No surprises here: the PS5 is going to be fast. Very fast. It’s going to offer “dramatically increased graphics rendering speeds” according to an official Sony presentation. We know it’s going to include ray tracing capabilities and support for resolutions up to 8K as well.

That ray tracing feature has been confirmed by Sony itself. There has been talk that Sony is going to launch two versions of the PS5 at the same time, although it’s not clear how they might differ in terms of specs.

As the launch date draws closer, we’re hearing more and more official news about the specs inside the PlayStation 5 to go alongside the rumours – including patents to banish loading screens. We’ve also had it confirmed that a special power-saving mode is going to be built into the unit.

The PS5’s CPU is based on the third generation of AMD’s Ryzen line of processors and features eight cores of the firm’s new 7nm Zen 2 microarchitecture, while the PlayStation 5 GPU is a custom variant of Radeon’s Navi family and will support ray tracing.

This official confirmation makes sense as it was long-rumoured that next-generation AMD graphics tech was believed to be headed for the PS5, and that it had been in production for a while. Those rumours stated the system would use 7-nanometre chips and Navi, too.

Rumours also stated that Sony’s principal programmers were already hard at work on adapting AMD’s Ryzen technology, pointing to a major performance boost for the internal guts of the PS5. Based on leaked benchmarks, it looks as though the PS5 could offer four times the performance of the PS4.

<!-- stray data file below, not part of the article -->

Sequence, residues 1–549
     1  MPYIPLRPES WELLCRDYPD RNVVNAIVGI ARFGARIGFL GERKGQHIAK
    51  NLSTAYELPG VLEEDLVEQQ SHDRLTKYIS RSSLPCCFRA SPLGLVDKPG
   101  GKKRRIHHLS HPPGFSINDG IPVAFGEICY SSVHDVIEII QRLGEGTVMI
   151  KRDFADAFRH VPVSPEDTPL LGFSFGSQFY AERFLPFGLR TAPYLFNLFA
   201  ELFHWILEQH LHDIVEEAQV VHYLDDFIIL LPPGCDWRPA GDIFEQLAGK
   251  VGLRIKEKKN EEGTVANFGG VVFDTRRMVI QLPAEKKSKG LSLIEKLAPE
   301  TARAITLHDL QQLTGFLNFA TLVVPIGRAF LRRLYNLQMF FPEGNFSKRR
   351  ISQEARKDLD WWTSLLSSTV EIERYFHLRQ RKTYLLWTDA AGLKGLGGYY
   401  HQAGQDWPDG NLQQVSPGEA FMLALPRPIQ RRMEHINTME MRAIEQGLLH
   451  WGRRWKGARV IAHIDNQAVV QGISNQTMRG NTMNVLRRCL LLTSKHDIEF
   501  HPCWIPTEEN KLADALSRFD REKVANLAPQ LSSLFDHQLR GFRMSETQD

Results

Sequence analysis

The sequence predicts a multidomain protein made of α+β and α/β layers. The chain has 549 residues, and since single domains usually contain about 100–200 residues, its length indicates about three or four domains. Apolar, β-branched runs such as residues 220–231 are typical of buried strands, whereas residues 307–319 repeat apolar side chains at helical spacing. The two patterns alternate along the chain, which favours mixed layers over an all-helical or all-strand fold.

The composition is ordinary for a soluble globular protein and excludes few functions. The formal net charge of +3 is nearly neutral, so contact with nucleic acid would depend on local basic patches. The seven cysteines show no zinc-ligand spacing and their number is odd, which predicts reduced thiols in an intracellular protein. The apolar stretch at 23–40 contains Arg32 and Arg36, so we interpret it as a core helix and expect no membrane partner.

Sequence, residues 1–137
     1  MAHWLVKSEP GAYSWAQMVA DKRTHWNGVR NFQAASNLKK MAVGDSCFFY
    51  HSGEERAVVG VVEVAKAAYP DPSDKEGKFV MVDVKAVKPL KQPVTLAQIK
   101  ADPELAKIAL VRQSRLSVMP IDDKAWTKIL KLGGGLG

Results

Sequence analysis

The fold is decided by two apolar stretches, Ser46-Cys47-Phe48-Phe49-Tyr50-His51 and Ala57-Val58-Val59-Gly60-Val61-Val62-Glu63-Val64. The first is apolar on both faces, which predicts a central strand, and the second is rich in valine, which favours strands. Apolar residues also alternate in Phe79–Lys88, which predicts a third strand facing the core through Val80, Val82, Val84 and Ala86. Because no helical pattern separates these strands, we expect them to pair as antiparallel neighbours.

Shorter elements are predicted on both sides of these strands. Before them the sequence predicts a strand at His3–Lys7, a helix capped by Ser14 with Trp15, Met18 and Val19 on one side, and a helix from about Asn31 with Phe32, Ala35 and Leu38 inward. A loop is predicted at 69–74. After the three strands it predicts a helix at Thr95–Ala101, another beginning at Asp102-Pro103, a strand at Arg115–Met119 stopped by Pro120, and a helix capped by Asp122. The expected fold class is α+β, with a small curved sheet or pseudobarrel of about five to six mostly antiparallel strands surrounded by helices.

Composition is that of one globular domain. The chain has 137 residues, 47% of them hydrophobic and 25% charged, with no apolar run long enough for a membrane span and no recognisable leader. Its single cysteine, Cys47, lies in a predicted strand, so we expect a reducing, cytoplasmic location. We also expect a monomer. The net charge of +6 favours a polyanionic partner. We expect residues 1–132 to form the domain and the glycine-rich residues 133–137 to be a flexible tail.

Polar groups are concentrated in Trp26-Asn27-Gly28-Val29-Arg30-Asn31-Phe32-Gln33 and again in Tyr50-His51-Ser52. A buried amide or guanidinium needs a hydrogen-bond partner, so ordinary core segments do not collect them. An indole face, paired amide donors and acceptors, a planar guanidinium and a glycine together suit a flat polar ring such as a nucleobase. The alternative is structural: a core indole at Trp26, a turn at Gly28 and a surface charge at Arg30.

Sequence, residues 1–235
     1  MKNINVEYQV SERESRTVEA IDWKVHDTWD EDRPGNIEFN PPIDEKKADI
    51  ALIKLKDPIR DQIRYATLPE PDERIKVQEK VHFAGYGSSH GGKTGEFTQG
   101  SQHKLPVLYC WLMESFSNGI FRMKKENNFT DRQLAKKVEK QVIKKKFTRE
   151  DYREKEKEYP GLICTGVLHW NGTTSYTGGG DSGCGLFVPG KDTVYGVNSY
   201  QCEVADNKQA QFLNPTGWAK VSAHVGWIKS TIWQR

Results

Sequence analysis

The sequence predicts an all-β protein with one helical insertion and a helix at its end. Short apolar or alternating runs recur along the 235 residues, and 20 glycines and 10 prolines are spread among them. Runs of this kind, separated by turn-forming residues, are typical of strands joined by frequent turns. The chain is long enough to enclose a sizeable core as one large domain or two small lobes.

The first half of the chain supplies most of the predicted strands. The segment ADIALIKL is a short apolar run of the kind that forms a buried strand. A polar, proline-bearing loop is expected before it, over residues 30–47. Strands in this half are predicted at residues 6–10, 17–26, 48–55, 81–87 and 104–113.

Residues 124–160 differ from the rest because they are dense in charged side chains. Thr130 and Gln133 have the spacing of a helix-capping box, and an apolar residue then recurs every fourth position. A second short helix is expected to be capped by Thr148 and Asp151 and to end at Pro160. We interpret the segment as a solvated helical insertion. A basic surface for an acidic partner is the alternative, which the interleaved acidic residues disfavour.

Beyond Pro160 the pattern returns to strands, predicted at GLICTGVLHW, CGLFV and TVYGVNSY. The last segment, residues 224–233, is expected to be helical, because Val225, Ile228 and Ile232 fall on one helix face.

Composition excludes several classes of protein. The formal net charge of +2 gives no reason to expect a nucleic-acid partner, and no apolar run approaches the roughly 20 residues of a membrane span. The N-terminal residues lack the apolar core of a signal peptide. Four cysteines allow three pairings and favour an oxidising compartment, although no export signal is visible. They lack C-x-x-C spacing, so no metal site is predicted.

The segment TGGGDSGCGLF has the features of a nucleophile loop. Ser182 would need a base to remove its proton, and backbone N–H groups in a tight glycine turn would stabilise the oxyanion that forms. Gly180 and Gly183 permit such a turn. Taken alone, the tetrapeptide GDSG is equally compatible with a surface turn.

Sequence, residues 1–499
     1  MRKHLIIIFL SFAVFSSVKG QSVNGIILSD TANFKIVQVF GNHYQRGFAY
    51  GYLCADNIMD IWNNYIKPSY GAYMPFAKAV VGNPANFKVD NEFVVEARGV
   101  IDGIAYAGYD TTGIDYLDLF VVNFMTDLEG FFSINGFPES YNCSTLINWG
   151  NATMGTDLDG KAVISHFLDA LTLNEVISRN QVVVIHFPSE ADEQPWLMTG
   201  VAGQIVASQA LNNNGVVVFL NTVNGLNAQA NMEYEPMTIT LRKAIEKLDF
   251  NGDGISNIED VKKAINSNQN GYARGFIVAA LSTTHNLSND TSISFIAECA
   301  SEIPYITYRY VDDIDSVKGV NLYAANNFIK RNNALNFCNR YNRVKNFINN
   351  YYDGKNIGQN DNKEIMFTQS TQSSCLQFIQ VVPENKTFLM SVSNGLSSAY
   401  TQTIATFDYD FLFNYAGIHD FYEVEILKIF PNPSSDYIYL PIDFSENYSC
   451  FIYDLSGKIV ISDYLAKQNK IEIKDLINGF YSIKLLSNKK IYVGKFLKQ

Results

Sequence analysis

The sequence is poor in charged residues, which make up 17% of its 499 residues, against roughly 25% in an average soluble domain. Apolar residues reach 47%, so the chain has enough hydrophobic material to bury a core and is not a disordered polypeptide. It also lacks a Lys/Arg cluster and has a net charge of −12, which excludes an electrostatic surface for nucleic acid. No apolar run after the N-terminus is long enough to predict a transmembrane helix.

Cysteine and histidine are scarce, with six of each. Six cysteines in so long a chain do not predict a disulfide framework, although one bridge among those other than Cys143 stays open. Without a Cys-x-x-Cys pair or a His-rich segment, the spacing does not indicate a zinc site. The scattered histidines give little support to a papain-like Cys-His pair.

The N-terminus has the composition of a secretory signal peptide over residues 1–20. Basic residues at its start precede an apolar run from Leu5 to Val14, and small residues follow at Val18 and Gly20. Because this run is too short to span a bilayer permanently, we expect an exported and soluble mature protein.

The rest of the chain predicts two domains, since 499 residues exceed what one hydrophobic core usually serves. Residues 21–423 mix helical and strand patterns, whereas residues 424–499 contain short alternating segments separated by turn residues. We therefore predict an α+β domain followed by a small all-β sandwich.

If you want to know exactly how much faster the PS5 will be versus the PS4, this leaked video should give you some idea (it’s said to be up to 18x faster than its predecessor in some areas). If that doesn’t get you excited about what the PlayStation 5 might come packing, then nothing will.

Some proper flesh has just been added to those core PS5 component reveals, with a backed-up-with-numbers list of specifications apparently coming courtesy of an insider who infiltrated an official Sony meeting.

At the meeting the insider reportedly became privy to a spec sheet and, via a friend, the information was then leaked online. According to the spy’s dossier of info the PS5 will come with a:

 “8 core Zen 2, clocked at 3.2Ghz.

Custom Navi GPU, 56CU, 1.8Ghz, 12.9TF. RT is hardware based, co engineered by AMD and Sony. (They believe the RT hardware is the basis for the rumour that Navi was built for Sony)

24GB RAM (Type or bandwidth wasn’t mentioned)

Custom embedded Solid State solution paired with HDD.”


AMD Gonzalo AMD Gonzalo – Next Gen Console ?imgur.com121

Now this leak, while completely unsubstantiated, is interesting as it in part backs up one of earlier PS5 leaks we’ve seen (via the tweet above), which supposedly pulls back the curtain on the APU (Advanced Processing Unit) inside the PS5: it’s apparently called Gonzalo, and will offer an eight-core processor, a 3.2GHz clock speed, and a 1GHz GPU clock speed. In short, a significant improvement over the PS4 and the eight-cores claim tallies with what Cerny has officially revealed.